I know what she means.

These days are hard… the anniversaries, the birthdays… they come, like clockwork, yet I am always, always, taken by surprise.





Lying Fallow in the Middle Years

The other day I read a lovely blog post one of my friends posted on Facebook. It was about how a mom should just… be. Live fully in mom-hood, love it, bear it, and own it for all that it is, and even all that it isn’t.

This post made me feel really good. My family comes before all else, and I do want to own my motherhood. In fact, I think I do own my motherhood. I started to share the post on Facebook, knowing it would reach my mom friends who, like me, often need encouragement to slug through the haze and daze of these middle years.

But then I didn’t.

I certainly realize how beautiful the haze and daze really are if we just allow them to be, but I can’t get rid of the nagging thought behind that realization: even if one loves and adores the 24/7 reality of staying home, paycheck free, that doesn’t negate the internal desire to create. It doesn’t take away the gifts we’ve been given. The God-given desire to “stop evil,” that my friend Bronwyn has felt for 20 years, or the desire to teach that my friend Aleah has burning a hole in her heart, or the words that pour from my friend Lesley, even if she can’t stay awake long enough to put them to paper.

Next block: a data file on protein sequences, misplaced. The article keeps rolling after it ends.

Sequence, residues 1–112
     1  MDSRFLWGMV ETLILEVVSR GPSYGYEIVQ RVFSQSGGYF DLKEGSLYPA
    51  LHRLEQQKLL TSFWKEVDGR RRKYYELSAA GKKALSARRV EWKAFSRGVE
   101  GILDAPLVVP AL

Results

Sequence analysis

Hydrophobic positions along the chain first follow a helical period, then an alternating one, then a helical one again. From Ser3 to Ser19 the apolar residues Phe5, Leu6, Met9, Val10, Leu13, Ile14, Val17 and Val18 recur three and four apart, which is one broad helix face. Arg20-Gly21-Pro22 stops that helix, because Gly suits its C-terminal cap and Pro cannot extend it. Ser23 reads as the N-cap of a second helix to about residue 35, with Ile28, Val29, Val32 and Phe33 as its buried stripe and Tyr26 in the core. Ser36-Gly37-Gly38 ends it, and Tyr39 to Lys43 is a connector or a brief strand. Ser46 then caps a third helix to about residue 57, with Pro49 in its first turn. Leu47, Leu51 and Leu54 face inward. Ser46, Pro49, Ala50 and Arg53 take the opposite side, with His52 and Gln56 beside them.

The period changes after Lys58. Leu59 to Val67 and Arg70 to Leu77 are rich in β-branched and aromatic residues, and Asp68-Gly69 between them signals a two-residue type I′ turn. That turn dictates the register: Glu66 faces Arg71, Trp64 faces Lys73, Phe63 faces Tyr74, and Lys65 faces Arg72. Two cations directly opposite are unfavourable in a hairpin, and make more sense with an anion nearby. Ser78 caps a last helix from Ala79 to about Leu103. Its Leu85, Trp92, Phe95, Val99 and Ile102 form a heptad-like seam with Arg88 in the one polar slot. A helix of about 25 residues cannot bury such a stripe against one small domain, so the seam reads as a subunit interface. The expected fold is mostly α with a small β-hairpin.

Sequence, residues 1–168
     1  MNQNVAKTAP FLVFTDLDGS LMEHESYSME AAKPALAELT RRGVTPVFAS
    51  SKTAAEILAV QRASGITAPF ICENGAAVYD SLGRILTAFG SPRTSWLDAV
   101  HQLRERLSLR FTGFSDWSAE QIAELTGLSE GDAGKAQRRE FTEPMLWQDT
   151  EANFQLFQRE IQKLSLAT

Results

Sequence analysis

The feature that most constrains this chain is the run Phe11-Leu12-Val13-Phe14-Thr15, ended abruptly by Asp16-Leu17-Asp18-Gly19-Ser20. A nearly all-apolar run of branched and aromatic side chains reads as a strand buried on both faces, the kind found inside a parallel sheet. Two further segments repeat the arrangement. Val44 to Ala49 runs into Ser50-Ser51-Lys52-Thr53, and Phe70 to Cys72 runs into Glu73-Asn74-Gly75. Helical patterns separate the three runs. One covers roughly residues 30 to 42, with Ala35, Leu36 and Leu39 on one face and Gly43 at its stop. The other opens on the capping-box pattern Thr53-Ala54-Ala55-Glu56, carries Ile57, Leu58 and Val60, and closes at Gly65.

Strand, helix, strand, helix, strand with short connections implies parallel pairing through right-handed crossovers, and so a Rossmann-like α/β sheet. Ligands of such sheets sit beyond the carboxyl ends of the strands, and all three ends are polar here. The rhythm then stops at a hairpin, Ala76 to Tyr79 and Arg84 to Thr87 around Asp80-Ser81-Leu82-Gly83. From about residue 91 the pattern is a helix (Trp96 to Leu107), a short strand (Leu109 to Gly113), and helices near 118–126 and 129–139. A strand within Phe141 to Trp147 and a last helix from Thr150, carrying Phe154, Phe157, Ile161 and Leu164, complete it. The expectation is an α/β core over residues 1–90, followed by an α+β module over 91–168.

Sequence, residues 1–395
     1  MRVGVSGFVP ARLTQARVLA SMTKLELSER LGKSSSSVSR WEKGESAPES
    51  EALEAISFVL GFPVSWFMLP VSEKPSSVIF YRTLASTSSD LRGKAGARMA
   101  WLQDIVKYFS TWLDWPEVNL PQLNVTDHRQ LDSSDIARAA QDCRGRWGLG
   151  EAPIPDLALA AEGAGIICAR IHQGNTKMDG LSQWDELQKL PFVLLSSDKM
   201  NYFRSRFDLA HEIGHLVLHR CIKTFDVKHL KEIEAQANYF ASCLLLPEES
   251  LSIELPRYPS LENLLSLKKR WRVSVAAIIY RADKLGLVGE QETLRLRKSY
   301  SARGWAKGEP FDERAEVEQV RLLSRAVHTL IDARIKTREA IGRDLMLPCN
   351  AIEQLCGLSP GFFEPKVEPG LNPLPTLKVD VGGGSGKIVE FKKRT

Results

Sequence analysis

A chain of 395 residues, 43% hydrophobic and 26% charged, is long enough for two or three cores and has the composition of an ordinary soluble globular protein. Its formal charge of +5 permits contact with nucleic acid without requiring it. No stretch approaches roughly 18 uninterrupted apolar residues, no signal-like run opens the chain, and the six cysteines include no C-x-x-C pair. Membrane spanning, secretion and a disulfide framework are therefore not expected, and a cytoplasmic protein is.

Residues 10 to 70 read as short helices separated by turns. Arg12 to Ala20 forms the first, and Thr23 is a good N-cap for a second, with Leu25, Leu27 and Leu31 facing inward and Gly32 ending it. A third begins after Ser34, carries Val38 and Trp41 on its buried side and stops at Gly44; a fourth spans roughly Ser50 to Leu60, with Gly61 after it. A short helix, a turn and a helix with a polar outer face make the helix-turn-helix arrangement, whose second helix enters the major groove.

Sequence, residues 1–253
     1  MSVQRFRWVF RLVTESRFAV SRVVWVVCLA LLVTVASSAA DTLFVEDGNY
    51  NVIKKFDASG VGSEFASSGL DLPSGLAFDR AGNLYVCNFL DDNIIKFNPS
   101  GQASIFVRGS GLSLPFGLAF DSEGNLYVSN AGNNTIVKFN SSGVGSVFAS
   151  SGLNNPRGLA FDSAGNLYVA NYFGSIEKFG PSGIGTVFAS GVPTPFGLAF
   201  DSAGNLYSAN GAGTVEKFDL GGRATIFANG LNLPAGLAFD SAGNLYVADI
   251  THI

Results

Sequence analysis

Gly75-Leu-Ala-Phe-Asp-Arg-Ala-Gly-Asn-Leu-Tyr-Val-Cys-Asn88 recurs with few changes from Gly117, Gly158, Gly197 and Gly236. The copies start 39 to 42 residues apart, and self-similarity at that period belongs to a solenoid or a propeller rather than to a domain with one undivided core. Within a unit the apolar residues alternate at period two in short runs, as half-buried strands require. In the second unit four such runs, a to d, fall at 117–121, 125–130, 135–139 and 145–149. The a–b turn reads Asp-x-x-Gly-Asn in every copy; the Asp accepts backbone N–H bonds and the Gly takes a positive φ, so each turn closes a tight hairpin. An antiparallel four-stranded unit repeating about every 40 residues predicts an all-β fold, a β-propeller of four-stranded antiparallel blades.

The choice of work-at-home vs. stay-at-home vs. pulling the double shift five (or more) days a week is not the whole picture of what women face. More often than not, what keeps many moms awake at night is figuring out how to fulfill a true passion for motherhood—stay-at-home or not—with the need for well-rounded personhood. And then, perhaps, feeling guilty and selfish for needing something else, or actually pursuing something else, when those activities mean dinner comes from a box, or there’s a bit too much screen time a few days a week. Or maybe that date night gets put off a few too many times.